Red dwarf star planetary systems might have life
Recent studies, however, have suggested that if planets within red dwarf star systems had oceans and atmospheres, heat would be transported from one hemisphere to the other, and a considerable fraction of the planet could be habitable.
Recent exoplanet data has suggested that between one-sixth and one-half of all the red dwarf stars out there have planets inside their habitable zones. NASA estimates that 6% of red dwarf stars have an Earth-sized planet in their habitable zone.
SETI’s Chief Astronomer, Dr. Seth Shostak, said:
“Significantly, three-fourths of all stars are red dwarfs. That means that if you observe a finite set of them – say the nearest twenty thousand – then on average they will be at only half the distance of the nearest twenty thousand Sun-like stars.”
Red dwarfs are much smaller and dimmer than our Sun. Their mass ranges from 0.075 of a solar mass to about half a solar mass. (Image: adapted from nasa.gov)
Maybe older is better
Red dwarf stars last much longer than Sun-like stars, which means the planets that orbit them have been doing so for considerably longer.
According to scientists, every single red dwarf star that was born since the Big Bang, is still out there. On average, they are several billions of years older than Sun-like stars.
It takes a very long time for life as we know it to start, and significantly longer for it to evolve and produce an intelligent life form. Therefore, ultra-advanced extraterrestrials are more likely to exist in planetary systems that have been around for longer.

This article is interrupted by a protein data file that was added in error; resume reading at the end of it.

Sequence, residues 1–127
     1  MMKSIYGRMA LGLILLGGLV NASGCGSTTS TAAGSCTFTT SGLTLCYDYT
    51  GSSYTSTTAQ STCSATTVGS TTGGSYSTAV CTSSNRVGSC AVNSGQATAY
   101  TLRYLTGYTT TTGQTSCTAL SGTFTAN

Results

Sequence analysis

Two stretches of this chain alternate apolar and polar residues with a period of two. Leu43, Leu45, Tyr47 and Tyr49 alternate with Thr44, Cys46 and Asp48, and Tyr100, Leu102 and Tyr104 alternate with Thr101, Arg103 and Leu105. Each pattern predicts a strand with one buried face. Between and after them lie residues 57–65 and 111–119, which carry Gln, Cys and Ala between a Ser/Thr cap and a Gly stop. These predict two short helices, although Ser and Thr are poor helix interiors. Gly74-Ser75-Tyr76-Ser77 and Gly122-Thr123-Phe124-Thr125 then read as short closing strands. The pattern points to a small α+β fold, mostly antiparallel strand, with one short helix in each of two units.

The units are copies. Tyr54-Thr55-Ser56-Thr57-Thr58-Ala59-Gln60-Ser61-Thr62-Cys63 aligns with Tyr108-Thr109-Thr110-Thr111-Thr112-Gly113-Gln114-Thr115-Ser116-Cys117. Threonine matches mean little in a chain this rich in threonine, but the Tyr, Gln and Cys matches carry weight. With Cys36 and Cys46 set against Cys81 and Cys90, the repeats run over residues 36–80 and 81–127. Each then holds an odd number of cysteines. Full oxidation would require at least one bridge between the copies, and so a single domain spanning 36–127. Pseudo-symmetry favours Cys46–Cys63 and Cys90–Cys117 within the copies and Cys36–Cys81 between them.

Regarding the age of planetary systems, Dr. Shostak said:
“This may be one instance in which older is better. Older solar systems have had more time to produce intelligent species.”
According to SETI: “The Allen Telescope Array is a ‘Large Number of Small Dishes’ array designed to be highly effective for simultaneous surveys undertaken for SETI projects at centimeter wavelengths.” (Image: Wikipedia)
The SETI Institute will carry out the search on its Allen Telescope Array, located at the Hat Creek Radio Observatory, northeast of San Francisco, California. The array has a grouping of 42 antennas that can observe three stars at once.
Dr. Gerry Harp, Director at the Center for SETI Research, said:
“We’ll scrutinize targeted systems over several frequency bands between 1 and 10 GHz. Roughly half of those bands will be at so-called ‘magic frequencies’ – places on the radio dial that are directly related to basic mathematical constants.”
“It’s reasonable to speculate that extraterrestrials trying to attract attention might generate signals at such special frequencies.”
SETI estimates that its red-dwarf survey will take twenty-four months to complete. Targets are being chosen from a list containing about 70,000 red dwarf stars, compiled by Boston University’s Andrew West. The search will also include data from NASA’s Transiting Exoplanet Survey Satellite (TESS) project, which will study and examine nearby stars, including red dwarfs, for exoplanets (planets outside our Solar System).
Video – SETI talks
If you want to learn more about the Universe, watch this video.